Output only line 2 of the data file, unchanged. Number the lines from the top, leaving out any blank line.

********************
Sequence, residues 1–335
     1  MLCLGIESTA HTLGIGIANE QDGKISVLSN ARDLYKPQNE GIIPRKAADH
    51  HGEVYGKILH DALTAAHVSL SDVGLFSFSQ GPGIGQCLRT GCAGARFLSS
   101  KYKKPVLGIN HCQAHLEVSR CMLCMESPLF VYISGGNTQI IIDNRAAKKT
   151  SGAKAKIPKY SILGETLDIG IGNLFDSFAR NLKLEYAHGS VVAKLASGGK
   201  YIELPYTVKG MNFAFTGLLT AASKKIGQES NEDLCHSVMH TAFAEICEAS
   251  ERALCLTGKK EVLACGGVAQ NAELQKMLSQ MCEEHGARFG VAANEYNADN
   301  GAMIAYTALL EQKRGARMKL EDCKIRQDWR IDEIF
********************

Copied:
     1  MLCLGIESTA HTLGIGIANE QDGKISVLSN ARDLYKPQNE GIIPRKAADH